You'll likely get more out of a CD/book combination
Marcus Peacock | Washington, DC United States | 04/14/2010
(2 out of 5 stars)
"I decided to get serious about learning bird song for the Eastern US but had a hard time figuring out which CD to buy. What I found was no one CD does it all, they all have pros and cons. I ended up with 4 CDs -- and this DVD. Below is my take on them. In the end, while it took a bit of persistence, learning bird song has been an extremely rewarding experience, adding a new dimension to any walk.
I started with Feith's Bird Song Ear Training Guide: Who Cooks for Poor Sam Peabody? Learn to Recognize the Songs of Birds from the Midwest and Northeast States (1 CD). The big advantage of this CD is that it gives the song/call first, and then identifies it. So you can download the clips to an iPod, set it on random, and constantly test yourself. It covers 189 species, which is a lot. Finally, the narrator has a pleasant voice and often gives mnemonic suggestions (e.g., "Over here dear" for the Baltimore Oriole). This CD has two big disadvantages. First, many of the songs/calls are very short (many less than a few seconds). Second, there are very few songs/calls given for each bird (usually only one or two). In retrospect, they simply tried to cram too many birds onto one CD. These two defects greatly undercut the value of an otherwise good disk. Also, the birds are coupled so that if you download clips and try and randomize them you will always get the same two birds paired in the same order (the birds are ordered by alphabet). This makes it hard to learn the second birds based solely on the song of the bird - the Turkey always comes after the Towhee.
A friend gave me Elliott and Read's Common Birds and Their Songs (Book and Audio CD). In contrast to "Bird Song Ear Training Guide" this disk provides a variety of lengthy songs/calls for each bird. It pretty thoroughly covers 50 of the most common birds. It also comes with a glossy softcover book with great pictures and informative one page write-ups. I have a few problems with this disk. First, the bird is identified before each call, so it's hard to test yourself. Second, I'm sure Lang Elliott is a very nice man, but he doesn't have the most sonorous voice. Finally, the audio CD does not provide any mnemonics and there are only a few in the book.
Another friend gave me Elliott's Know Your Bird Sounds, Volume 1: Yard, Garden, and City Birds. This is similar to "Common Birds and Their Songs" but only covers 35 birds (as opposed to 50) although some are not included in "Common Birds." It also comes with a book with nice photographs but has less information on the birds and just focuses on describing their songs. The CD includes more information on the bird song than "Common Birds" (Elliott essentially reads the book) but has the same drawbacks; mainly, it identifies the bird before the song.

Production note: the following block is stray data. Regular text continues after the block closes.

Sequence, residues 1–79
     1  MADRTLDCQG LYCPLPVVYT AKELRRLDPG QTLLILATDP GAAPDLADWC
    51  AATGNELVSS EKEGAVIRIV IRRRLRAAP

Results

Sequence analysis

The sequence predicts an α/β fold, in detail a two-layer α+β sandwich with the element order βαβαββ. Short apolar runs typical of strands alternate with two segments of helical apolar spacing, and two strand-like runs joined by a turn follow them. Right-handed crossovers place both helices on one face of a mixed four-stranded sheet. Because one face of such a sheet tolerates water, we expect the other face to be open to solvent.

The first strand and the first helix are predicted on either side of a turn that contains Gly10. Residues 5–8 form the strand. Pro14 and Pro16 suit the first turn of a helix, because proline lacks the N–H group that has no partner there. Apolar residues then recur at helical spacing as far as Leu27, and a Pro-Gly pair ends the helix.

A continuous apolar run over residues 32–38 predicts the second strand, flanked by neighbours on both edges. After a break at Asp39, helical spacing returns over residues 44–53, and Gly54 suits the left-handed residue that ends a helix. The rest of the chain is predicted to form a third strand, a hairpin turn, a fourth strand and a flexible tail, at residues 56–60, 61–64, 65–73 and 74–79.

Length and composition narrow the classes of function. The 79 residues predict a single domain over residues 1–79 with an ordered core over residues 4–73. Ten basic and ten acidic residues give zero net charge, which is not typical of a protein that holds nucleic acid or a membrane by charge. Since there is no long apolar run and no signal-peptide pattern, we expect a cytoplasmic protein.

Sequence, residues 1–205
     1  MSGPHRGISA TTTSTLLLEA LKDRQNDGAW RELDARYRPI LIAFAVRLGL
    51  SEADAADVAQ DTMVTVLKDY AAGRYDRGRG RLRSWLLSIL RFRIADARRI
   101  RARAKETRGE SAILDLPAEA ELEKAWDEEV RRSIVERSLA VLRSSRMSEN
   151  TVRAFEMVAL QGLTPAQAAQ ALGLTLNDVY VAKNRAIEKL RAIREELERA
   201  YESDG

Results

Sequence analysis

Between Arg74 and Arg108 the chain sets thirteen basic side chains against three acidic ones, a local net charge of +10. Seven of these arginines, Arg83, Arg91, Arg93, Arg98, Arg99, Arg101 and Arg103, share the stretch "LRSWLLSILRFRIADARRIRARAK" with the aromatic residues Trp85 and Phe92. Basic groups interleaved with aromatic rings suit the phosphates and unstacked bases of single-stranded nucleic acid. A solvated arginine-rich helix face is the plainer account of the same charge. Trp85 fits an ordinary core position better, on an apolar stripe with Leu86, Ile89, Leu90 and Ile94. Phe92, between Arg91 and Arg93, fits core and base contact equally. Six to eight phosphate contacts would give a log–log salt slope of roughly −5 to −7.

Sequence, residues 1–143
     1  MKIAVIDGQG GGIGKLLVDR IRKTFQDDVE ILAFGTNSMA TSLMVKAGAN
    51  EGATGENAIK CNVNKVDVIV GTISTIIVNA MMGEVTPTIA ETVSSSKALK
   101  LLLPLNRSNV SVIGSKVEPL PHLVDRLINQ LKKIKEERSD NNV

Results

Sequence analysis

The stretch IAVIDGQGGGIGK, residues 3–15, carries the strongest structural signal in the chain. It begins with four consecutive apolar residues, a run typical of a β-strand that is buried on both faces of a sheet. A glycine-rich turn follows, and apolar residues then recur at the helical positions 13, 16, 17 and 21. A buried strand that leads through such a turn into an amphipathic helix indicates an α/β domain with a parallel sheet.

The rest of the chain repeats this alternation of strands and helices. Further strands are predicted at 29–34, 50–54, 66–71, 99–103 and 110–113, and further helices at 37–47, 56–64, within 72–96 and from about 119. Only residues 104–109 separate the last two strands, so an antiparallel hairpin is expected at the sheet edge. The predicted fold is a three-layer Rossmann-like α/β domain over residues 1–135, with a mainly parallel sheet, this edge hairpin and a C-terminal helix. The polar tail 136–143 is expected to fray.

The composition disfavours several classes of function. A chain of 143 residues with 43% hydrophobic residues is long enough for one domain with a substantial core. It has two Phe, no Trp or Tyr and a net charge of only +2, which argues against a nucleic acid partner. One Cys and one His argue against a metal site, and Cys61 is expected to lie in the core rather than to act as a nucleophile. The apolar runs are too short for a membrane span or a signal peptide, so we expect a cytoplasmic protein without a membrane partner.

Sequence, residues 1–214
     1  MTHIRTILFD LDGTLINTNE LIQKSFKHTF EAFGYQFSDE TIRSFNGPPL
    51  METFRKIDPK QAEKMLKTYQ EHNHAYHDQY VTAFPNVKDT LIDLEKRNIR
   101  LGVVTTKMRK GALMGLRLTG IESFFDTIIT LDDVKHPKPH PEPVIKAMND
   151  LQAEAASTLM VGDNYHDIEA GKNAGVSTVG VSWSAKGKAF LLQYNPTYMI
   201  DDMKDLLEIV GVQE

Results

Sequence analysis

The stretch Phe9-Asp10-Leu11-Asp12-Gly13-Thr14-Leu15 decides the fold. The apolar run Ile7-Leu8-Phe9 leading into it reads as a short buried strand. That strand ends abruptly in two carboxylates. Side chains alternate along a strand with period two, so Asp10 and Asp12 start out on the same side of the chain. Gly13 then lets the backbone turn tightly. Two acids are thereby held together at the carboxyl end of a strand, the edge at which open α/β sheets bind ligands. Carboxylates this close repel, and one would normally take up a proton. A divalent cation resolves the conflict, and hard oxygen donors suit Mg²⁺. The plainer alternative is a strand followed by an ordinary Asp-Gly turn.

Having read that it greatly helps to simultaneously see and hear a bird singing its song, I purchased the product on this page: Feith's DVD "Birds, Birds, Birds: An Indoor Birdwatching Field Trip" This was a disappointment. In general it is the "Bird Song Ear Training Guide" CD (see above) matched up with still photographs and occasional video footage of the appropriate bird. It includes about a dozen more birds than the CD and can be arranged by "sound alikes" and set up to give one a quiz, but the drawbacks that undercut the CD - the brevity of the songs and lack of diversity of calls per bird - undercut the DVD. If you really need to see a picture of the birds while you hear them sing, buy one of Lang Elliott's CD/book combinations above.
Having made progress but still unsatisfied, I finally broke down and bought Birding by Ear: Eastern and Central North America (Peterson Field Guides(R)). It is a nice combination of lots of birds (about 85) with a long and diverse set of song/calls for each. The birds are also categorized by the similarity of song, which I found a helpful learning device. It comes with a paper pamphlet giving a very short description of each bird and a nice list of mnemonics at the back. The CD gives a fair amount of information along with the songs and is easy to listen to. The biggest drawbacks are the birds are identified before the song (although there are a number of quizzes arranged by habitat which compensates somewhat for this) and the clips go on for so long, due to the narration and groupings, that you can't really use them to download on an iPod and test yourself. I guess nothing is perfect.
"Quick, three beers!"
slim | 10/13/2008
(4 out of 5 stars)
"Perfect DVD for the bird-brain in your life! Saying "Quick, three beers" is one way they describe the sound of a bird-call in this continuous loop DVD. Lots of great videos, sounds and birds- all your bird-lover needs for those cold winter months when all the real birds have flown south... If you aren't a bird-lover, you may just want to get those three beers for yourself."